Saturday, March 13, 2010


It's been a long, long day, but a very successful one. I'm heading into the lost hour of Daylight Savings Time thinking that almost everything that might have caused me stress is behind me, and went well.

It all began with a breakfast meeting of the Southwest Commission on Religious Studies (SWCRS) board of directors. I was writing about arcane organizations last night for a reason; this one is comprised of officers from all the regional officers that the commission brings together, and has to do things like approve budgets and give awards.

Then I was a panelist in a session on post-Enlightenment theodicies -- just as academic as it sounds -- but unexpectedly (to me, having read the other two panelists' presentations ahead of time), I was not the clearly most unprepared and out-of-her-depth person in the room, and we ended up having a vigorous discussion with maybe even a hint of controversy.

Following a working lunch (catered by the conference, and during which I had a long conversation with the incoming president of the commission, I co-presided over a lengthy (six paper) session, fulfilling my moderator duties -- keeping presenters on time, introducing them, opening the floor to discussion -- quite admirably, if I do say so myself.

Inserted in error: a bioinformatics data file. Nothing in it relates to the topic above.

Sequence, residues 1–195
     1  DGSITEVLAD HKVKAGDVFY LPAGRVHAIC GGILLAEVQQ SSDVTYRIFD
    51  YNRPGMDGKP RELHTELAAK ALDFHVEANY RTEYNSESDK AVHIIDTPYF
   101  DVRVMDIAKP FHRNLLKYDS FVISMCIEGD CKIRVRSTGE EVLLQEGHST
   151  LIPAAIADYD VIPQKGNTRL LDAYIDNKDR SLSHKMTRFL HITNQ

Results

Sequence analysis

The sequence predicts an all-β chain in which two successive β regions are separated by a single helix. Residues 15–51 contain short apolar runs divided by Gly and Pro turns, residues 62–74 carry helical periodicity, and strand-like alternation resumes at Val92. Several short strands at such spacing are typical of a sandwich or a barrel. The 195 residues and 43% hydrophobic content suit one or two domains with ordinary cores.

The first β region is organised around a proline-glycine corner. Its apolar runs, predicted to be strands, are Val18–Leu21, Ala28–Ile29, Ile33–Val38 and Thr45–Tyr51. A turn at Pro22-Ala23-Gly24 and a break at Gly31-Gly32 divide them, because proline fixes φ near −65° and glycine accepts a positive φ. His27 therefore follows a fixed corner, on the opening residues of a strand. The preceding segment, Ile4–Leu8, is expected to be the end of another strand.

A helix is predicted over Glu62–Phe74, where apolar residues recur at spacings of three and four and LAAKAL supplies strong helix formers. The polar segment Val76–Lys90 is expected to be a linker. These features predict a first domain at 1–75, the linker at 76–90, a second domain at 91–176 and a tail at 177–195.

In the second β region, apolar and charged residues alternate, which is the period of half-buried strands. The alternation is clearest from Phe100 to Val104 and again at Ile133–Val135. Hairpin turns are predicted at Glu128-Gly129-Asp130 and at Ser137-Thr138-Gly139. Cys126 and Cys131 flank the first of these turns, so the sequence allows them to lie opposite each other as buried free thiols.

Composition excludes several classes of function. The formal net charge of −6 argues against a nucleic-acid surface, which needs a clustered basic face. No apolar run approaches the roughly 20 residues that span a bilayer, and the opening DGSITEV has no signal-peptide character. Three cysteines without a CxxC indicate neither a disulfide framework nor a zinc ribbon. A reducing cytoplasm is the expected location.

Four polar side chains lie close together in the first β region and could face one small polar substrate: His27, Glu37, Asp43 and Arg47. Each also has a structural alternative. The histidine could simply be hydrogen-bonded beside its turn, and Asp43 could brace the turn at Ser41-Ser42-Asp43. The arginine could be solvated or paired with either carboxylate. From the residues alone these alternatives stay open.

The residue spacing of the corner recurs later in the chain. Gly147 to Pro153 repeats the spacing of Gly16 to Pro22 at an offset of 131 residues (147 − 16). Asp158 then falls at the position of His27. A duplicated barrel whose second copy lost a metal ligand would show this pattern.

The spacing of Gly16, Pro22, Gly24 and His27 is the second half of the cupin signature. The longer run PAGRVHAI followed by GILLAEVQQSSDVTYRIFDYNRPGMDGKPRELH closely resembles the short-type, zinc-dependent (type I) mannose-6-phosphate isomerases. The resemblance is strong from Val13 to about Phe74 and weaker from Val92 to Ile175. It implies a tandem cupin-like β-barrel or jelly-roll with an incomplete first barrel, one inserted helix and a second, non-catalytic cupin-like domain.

Then came the nerve-wracking part of the day. Would enough people show up for the plenary session, for which we had flown a high-ranking officer in our organization and major scholar out from the West Coast? They did, much to my relief. Would her talk be engaging and important? Yes, as I should never have doubted. Would those in attendance engage in lively conversation afterward? Indeed, some of the best I've ever heard at a session of its kind.

After that it was all gravy. Reception, socializing, dinner with the society's executives and our plenary speaker, gossip, heartfelt conversation, a good time was had by all.

I'm ready to do it all again, crammed into a slightly shorter period of time before I leave for the airport in the early afternoon, in about eight hours. Time to set the clocks forward and go to bed. Only a few more official duties, and I can put this one in the record books.

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